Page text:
. Shias are mostly
found among the Balti
people. Ladakhis are generally of Tibetan
descent with some Dardic and Mon admixture. The Changpa nomads who
live in the Rupshu plateau are more closely related to Tibetans.
Since the early 1960s nomad numbers have increased as Chang Thang
nomads from across the border flee Chinese-ruled Tibet. There are
about 3,500 Tibetan refugees from all parts of Tibet in Leh
District. However, since 2000 some nomads, notably most of the
community of Kharnak, have abandoned the nomadic life and settled
in Leh town. Muslim Arghons
, descendants of
Kashmiri or Central Asian merchants and Ladakhi women, mainly live
in Leh and Kargil towns. Like other Ladakhis, the Baltis of Kargil,
Nubra, Suru Valley and Baltistan show strong Tibetan links in their
appearance and language
, and were
Buddhists until the last few hundred years.
According to the 2001 population census of India, 47.4% of the
population is Buddhist, 45.9% Muslim, 6.2% Hindu and 0.5% others.
The regions population is split roughly in half between the
districts of Leh and Kargil. Leh is 77% Buddhist and Kargil is 80%
A local woman, Ladakh.
principal language of Ladakh is Ladakhi
, a Tibetan
dialect. Educated Ladakhis usually
know Hindi/Urdu and often English. Within Ladakh, there is a range
of dialects, so that the language of the Chang-pa people may differ
markedly from that of the Purig-pa in Kargil, or the Zangskaris,
but they are all mutually comprehensible. Due to its position on
important trade routes, the racial composition as well as the
language of Leh is enriched with foreign influences. Traditionally,
Ladakhi had no written form distinct from classical Tibetan, but
recently a number of Ladakhi writers have started using the Tibetan
script to write the colloquial tongue. Administrative work and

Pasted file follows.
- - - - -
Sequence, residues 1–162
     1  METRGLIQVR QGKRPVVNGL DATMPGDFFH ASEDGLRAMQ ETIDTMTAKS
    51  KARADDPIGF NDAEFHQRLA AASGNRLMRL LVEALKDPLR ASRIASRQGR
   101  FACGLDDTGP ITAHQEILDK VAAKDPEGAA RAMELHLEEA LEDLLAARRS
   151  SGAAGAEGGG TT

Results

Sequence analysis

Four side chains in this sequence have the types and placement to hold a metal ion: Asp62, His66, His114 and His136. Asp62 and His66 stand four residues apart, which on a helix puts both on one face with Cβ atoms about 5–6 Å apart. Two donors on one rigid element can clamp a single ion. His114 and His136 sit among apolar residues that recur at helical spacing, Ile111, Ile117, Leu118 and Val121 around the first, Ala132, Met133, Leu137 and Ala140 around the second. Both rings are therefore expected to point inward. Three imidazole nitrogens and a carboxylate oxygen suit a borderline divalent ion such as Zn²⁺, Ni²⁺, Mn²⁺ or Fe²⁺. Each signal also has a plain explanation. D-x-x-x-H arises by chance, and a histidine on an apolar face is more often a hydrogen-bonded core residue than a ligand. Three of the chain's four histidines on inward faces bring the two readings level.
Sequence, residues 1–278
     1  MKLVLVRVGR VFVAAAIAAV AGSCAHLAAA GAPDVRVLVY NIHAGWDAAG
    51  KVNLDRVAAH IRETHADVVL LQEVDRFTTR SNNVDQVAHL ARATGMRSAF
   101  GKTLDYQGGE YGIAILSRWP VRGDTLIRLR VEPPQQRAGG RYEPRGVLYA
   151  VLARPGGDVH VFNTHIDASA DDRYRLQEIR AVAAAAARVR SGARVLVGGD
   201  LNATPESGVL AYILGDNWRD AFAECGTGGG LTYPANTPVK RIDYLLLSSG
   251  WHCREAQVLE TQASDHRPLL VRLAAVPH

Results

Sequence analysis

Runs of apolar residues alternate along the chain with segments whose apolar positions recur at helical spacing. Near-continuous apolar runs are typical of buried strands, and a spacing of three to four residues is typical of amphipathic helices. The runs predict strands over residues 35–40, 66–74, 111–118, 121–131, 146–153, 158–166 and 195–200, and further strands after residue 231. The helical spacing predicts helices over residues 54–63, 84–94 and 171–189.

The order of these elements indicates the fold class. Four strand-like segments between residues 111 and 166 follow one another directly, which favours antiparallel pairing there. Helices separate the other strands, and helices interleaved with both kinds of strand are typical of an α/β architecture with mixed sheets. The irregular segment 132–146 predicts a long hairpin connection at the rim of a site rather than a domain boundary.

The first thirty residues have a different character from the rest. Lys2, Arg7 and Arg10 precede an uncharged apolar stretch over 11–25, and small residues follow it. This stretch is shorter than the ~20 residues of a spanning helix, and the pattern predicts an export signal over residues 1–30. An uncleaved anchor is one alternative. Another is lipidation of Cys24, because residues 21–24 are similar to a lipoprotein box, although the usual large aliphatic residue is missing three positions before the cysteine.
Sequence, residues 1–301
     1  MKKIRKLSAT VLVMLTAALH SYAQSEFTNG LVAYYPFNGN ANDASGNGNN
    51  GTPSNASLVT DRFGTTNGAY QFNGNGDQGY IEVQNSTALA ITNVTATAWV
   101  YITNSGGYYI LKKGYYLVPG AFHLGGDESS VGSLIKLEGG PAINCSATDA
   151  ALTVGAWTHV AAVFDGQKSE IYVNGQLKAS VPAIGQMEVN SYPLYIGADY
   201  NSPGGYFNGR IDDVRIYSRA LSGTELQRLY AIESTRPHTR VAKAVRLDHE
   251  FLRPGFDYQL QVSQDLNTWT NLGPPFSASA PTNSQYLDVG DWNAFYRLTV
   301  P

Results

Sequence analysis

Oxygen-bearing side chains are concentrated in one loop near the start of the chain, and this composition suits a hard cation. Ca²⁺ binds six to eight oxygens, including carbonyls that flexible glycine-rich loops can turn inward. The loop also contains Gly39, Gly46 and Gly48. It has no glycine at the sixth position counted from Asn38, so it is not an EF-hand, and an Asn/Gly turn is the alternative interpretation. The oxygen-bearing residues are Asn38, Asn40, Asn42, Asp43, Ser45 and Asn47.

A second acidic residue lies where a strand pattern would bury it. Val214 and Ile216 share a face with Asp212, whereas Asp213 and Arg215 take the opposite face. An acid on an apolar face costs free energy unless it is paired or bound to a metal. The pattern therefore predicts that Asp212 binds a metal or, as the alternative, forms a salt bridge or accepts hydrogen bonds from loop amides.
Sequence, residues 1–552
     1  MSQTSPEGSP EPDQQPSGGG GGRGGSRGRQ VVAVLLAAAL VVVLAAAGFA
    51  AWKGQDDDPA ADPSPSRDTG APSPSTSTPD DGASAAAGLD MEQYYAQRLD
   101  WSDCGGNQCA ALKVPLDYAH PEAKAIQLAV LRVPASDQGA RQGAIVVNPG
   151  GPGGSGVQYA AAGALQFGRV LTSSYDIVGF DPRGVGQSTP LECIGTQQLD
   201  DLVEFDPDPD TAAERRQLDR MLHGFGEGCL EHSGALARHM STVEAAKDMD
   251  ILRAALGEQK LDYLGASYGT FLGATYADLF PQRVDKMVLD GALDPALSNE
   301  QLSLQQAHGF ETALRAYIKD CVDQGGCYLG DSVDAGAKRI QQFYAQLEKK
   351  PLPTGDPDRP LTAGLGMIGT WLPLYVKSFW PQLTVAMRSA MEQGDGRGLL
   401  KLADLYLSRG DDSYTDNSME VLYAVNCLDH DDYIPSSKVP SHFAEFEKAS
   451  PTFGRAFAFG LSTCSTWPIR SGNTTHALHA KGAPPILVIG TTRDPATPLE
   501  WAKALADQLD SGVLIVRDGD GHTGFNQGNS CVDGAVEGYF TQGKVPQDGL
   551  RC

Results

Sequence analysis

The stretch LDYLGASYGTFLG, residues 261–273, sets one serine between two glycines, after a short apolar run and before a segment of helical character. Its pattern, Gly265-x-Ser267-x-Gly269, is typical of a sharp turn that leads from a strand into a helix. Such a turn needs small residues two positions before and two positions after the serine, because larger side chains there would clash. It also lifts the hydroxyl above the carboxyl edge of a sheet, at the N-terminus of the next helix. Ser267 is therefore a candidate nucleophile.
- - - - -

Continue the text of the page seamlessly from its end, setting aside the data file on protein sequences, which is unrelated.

education are carried out in English, although Urdu was used to a
great extent in the past and has been decreasing since the
The Total Birth Rate in 2001 was 22.44, while it was 21.44 for
Muslims and 24.46 for Buddhists. Brokpas had the highest TBR at
27.17 and Arghuns had the lowest at 14.25. TFR was 2.69 with 1.3 in
Leh and 3.4 in Kargil. For Buddhists it was 2.79 and for Muslims it
was 2.66. Baltis had a TFR of 3.12 and Arghuns had a TFR of 1.66.
The Total Death Rate was 15.69, with Muslims having 16.37 and
Buddhists having 14.32. Highest was for Brokpas at 21.74 and lowest
was for Bodhs at 14.32.
School children performing a traditional dance.
|Population of Leh and Kargil districts
- Census was not carried out in Jammu and Kashmir in 1991 due to
- Population followed by percent of change
- Sex ratio expressed as females per 1000 males
The sex ratio for Leh district has declined from 1011 females per
1000 males in 1951 to 805 in 2001, while for Kargil district, it
has declined from 970 to 901. The urban sex ratio in both the
districts is about 640. The adult sex ratio reflects large numbers
of (mostly male) seasonal and migrant labourers and merchants.
About 84% of Ladakh's population lives in villages. The average
annual population growth rate from 1981–2001 was 2.75% in Leh
District and 2.83% in Kargil district.
Ladakhi culture is similar to Tibetan
. Ladakhi food has much in common with Tibetan food
, the most prominent foods being
, noodle soup; and
, known in Ladakhi as
, roasted barley flour. Eatable without cooking,
tsampa makes useful, if dull trekking food. A dish that is strictly
Ladakhi is skyu
, a heavy pasta dish with root vegetables.
As Ladakh moves toward a cash-based economy, foods from the plains
of India are becoming more common. Like in other parts of Central
Asia, tea in Ladakh is traditionally made with strong green tea,
butter, and salt; it is mixed in a large churn and known as
, after the sound it
makes when mixed. Sweet tea (cha ngarmo
) is common now,
made in the Indian style with milk and sugar. Most surplus barley
produced is fermented into chang
, an alcoholic beverage
drunk especially on festive occasions.
The architecture of Ladakh contains Tibetan and Indian influences,
and monastic architecture reflects a deeply Buddhist approach.
Buddhist wheel, along with two dragons, is a common feature on
every gompa (including the likes of Lamayuru, Likir, Thikse, Hemis, Alchi and
Many houses and monasteries are built on
elevated, sunny sites facing south, and in the past were made of
rocks, earth and wood, but are now more often concrete frames
filled in with stones or adobes.
The music of Ladakhi Buddhist monastic festivals, like Tibetan music
, often involves religious
, as an integral part of the religion.
These chants are complex, often recitations of sacred texts or in
celebration of various festivals. Yang chanting, performed without